While research about addiction is ongoing, it’s generally accepted that addiction is a multi-factorial problem that involves many factors.

Genetic: It’s been shown that individuals who have a first-degree family member who is an addict are more likely to become addicts during their lifetime. While this is not a definitive indicator, it does increase the likelihood that an individual will develop an addiction.

Brain Chemistry: It’s been noted that the brains of addicts may be lacking in certain neurotransmitters responsible for happiness and pleasure in the brain. If an individual is born lacking in these neurotransmitters or their receptors, there may be an effort on the individual to “self-medicate” and correct these inborn defects.

Environmental: Growing up in a family in which addiction runs rampant can have effects on children. Seeing a close relative abuse substances can normalize the usage of substances, making them less frightening and more appealing later in life. In addition, growing up in a chaotic home environment can lead individuals to turn to drugs later in life.

Psychological: Individuals who abuse and become addicted to substances such as hydrocodone may be attempting to self-medicate the symptoms of an undiagnosed and untreated mental illness.

Co-Occurring Disorders

Co-Occurring Disorders and the Complexity of Hydrocodone Addiction

Many individuals who end up abusing narcotic pain medication also suffer from co-occurring mental illnesses. These may include:

  • Anxiety disorders
  • Depressive disorders
  • Conduct disorders
  • Post-traumatic stress disorder
  • Substance abuse disorders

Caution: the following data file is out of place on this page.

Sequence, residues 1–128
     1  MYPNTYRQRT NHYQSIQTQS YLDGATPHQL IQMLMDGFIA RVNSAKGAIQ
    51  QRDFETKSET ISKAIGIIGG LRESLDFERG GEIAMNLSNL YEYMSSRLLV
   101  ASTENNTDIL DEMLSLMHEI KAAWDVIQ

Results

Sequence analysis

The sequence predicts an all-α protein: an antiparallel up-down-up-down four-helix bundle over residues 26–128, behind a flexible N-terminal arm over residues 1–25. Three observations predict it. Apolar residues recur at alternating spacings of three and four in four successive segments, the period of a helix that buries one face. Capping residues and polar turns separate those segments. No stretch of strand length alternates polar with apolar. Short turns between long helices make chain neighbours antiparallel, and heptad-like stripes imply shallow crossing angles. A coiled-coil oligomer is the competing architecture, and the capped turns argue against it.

• Alcoholism
  • Bipolar disorder
  • Schizophrenia

Signs & Symptoms

Signs and Symptoms of Hydrocodone Abuse

The symptoms of hydrocodone use, abuse, and addiction will vary wildly among those who are addicted to the narcotic. Some of the major symptoms of hydrocodone abuse include the following:

Mood symptoms:

  • Euphoria
  • Abnormally cheerful mood
  • Abnormally despondent mood
  • Anxiety
  • Emotional liability

Behavioral symptoms:

  • Drowsiness
  • Requesting frequent refills on hydrocodone
  • “Doctor shopping” or visiting a number of doctors to obtain prescriptions for hydrocodone-containing products
  • Social withdrawing
  • Withdrawing from previously-pleasurable activities
  • Financial problems
  • Borrowing money from others
  • Stealing or borrowing pain medication from others

Physical symptoms:

  • Lightheadedness
  • Physical dependence upon the narcotic
  • Withdrawal symptoms when drug use is stopped
  • Nausea and vomiting
  • Pupil constriction
  • Blood clotting issues
  • Rash
  • Constipation
  • Challenges with urination
  • Dry throat
  • Itching
  • Dizziness

Psychological symptoms:

  • Difficulty thinking
  • Psychological dependence – the belief that one must be high on hydrocodone in order to function


Effects of Hydrocodone Addiction

  • Pinpoint or blown pupils
  • Shallow, slow breathing
  • Respiratory failure
  • Loss of consciousness
  • Liver disease
  • Liver failure, which may not be reversible
  • Seizure
  • Coma
  • Death


Withdrawal Symptoms of Hydrocodone Addiction

The effects of withdrawal from hydrocodone are evident in those who have become physically dependent upon the drug and may occur as quickly as six to ten hours following the last dose. While not generally life-threatening, the intensity of the withdrawal depends entirely upon the length of abuse and amount of hydrocodone used. Withdrawal symptoms from hydrocodone tend to peak between 48 and 72 hours, then decrease within two weeks, although duration will vary among addicts. Typical withdrawal symptoms include:

  • Intense craving for hydrocodone
  • Diarrhea
  • Insomnia
  • Depression
  • Dilated pupils
  • Intense sweating
  • Runny nose
  • Chills
  • Agitation
  • Irritability

Blue Ridge is amazing. The staff is so passionate about each client and their recovery journey.

– Isabella